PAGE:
women’s smart watch a brief history
The first Android Wear watch, the original Moto 360, was by no means delicate or petite, but I wear mine with pride. Even though it stabs the back of my hand every time I turn my hand back to push a door or lean against a table, I endure it with a smile so I can control the music on my wrist and peek while directing newscasts. Notify or do chores. After all, the 360 is a better fit than the Samsung Galaxy Gear Live or LG G Watch with its 1.65-inch screen and larger case.
The next Android smartwatch for smaller wrists is the Huawei Watch, which was not only the best Android watch of 2015 but dominated the segment until 2018. The 1.3-inch, perfectly circular screen has very slim bezels and the lugs are short, which means that even on a wrist as narrow as mine, it almost feels – and even better, looks – like a regular Smartwatch, if a very, very thick watch. I almost cried when I had to send my phone back to Huawei because nothing else on the market at the time could compare to it.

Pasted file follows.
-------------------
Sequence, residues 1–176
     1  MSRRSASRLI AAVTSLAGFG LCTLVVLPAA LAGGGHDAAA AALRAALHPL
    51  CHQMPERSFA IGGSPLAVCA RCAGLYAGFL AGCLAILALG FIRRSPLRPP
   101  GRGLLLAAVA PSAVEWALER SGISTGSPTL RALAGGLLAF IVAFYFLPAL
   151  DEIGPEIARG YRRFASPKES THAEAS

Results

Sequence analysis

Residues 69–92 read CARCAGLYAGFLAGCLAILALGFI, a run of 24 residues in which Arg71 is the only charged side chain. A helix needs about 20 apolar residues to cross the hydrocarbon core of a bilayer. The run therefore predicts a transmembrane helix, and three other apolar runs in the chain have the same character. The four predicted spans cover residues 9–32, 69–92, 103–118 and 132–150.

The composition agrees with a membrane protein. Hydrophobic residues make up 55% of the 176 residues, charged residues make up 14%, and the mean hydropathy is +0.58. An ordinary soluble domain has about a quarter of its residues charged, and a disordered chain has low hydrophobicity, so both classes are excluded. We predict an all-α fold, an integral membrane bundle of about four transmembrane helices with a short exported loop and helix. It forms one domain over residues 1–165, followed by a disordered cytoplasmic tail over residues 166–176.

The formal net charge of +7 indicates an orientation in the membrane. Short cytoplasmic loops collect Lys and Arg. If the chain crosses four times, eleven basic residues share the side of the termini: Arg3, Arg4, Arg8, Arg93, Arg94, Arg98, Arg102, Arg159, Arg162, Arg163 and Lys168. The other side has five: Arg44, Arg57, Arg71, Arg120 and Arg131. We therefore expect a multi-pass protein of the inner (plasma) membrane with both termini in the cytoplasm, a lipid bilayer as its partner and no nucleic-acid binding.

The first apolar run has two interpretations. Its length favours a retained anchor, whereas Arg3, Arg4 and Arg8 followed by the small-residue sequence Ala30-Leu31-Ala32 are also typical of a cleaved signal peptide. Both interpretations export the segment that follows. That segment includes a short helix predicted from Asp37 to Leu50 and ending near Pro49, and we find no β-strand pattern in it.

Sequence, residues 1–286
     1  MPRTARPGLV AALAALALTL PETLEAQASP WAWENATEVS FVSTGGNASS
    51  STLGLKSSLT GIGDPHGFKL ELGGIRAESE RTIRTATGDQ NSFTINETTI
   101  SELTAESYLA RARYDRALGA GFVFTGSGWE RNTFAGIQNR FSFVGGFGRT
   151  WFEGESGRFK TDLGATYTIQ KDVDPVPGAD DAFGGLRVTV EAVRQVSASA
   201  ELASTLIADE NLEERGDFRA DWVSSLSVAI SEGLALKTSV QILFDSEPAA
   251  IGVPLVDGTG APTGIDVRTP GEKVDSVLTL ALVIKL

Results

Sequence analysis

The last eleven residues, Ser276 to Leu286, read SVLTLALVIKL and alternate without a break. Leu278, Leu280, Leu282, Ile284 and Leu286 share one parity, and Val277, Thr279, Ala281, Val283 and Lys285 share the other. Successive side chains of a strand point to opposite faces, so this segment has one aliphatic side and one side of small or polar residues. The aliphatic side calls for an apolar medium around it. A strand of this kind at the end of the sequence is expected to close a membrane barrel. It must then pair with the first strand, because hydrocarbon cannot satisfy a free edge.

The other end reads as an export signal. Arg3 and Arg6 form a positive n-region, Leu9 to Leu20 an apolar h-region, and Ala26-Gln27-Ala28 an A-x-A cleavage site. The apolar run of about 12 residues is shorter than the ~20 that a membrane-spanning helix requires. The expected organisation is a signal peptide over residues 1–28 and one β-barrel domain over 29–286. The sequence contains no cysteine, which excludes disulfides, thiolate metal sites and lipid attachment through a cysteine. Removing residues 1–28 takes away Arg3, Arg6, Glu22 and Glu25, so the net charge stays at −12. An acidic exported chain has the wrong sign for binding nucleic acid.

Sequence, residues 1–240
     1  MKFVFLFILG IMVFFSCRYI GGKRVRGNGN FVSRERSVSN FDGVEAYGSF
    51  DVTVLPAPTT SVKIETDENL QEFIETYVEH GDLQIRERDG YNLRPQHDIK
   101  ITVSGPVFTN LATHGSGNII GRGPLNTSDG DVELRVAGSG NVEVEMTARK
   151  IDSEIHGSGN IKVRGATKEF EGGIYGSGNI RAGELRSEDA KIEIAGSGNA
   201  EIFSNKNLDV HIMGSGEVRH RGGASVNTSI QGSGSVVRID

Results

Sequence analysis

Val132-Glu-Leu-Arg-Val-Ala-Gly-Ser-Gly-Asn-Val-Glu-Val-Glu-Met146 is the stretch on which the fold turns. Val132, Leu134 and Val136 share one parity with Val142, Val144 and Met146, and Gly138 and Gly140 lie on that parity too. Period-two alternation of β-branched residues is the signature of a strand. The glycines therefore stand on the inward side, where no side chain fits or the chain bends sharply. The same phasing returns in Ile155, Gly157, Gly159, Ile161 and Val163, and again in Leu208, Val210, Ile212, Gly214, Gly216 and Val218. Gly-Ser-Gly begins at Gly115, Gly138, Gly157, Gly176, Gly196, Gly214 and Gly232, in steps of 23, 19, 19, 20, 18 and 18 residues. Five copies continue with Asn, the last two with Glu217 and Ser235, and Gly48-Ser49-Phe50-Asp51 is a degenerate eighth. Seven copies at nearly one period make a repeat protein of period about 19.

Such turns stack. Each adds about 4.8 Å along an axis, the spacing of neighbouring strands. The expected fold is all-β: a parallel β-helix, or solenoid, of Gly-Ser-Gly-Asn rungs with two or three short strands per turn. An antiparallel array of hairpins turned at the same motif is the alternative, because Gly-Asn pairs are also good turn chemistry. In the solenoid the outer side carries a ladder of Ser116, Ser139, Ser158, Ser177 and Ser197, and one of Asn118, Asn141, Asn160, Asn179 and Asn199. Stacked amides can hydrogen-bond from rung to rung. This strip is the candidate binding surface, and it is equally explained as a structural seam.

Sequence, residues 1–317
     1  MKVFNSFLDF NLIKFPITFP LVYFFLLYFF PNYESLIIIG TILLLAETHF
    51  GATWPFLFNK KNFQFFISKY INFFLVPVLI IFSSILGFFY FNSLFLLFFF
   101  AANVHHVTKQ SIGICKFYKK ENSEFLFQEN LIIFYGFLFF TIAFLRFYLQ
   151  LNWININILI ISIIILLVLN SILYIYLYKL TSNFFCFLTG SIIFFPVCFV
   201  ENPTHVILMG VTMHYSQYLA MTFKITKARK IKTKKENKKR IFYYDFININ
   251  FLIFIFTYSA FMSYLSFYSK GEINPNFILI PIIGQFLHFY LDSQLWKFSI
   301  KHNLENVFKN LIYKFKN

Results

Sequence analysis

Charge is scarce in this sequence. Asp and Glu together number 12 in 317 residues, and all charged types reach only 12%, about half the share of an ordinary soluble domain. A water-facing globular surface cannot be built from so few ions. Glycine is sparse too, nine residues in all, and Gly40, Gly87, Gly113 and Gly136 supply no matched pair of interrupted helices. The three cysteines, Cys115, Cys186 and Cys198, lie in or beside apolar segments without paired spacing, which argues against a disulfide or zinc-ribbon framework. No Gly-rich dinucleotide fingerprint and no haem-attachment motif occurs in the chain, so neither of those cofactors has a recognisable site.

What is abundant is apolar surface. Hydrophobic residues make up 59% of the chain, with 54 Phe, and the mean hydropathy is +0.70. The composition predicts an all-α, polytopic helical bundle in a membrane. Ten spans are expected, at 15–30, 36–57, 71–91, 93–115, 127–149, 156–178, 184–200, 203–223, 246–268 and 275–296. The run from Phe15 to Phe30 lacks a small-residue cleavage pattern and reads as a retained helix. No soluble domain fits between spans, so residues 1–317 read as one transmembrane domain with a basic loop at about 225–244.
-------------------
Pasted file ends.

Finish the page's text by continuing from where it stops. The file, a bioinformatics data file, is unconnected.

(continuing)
2017 introduced a smartwatch in the style of an LG watch, very small and lightweight, one of the first Wear 2.0 watches, only 11mm thick, with a very compact 1.2″ screen and 42mm case. I bought the LG Watch Style with my own money because owning a small smartwatch sounds like a dream come true. It fits perfectly – because it pulls out all the good stuff.
While feature-packed fitness trackers emerged in 2017, the Watch Style lacks a heart rate sensor and onboard GPS, so it can only track steps when disconnected from your phone. It also lacks NFC, so you can’t use it with Google Pay, which is one of the bigger features in Wear 2.0 and the second biggest reason I want music control behind the watch. Of course, no NFC or GPS removing the bulky sensor means less battery draining stuff. That little 240mAh battery needs all the help it can get.